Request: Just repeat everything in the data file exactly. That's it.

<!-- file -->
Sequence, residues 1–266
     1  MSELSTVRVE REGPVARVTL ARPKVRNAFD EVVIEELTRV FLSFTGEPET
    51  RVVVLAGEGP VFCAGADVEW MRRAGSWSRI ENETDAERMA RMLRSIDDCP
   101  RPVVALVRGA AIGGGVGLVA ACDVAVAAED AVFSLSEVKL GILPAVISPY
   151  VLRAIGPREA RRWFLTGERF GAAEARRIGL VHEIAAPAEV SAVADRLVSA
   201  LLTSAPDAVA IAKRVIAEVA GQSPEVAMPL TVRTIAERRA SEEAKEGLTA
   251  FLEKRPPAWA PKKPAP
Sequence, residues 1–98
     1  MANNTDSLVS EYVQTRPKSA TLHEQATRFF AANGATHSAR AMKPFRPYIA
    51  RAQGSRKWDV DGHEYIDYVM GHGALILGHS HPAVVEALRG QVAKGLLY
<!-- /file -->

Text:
Sequence, residues 1–266
     1  MSELSTVRVE REGPVARVTL ARPKVRNAFD EVVIEELTRV FLSFTGEPET
    51  RVVVLAGEGP VFCAGADVEW MRRAGSWSRI ENETDAERMA RMLRSIDDCP
   101  RPVVALVRGA AIGGGVGLVA ACDVAVAAED AVFSLSEVKL GILPAVISPY
   151  VLRAIGPREA RRWFLTGERF GAAEARRIGL VHEIAAPAEV SAVADRLVSA
   201  LLTSAPDAVA IAKRVIAEVA GQSPEVAMPL TVRTIAERRA SEEAKEGLTA
   251  FLEKRPPAWA PKKPAP
Sequence, residues 1–98
     1  MANNTDSLVS EYVQTRPKSA TLHEQATRFF AANGATHSAR AMKPFRPYIA
    51  RAQGSRKWDV DGHEYIDYVM GHGALILGHS HPAVVEALRG QVAKGLLY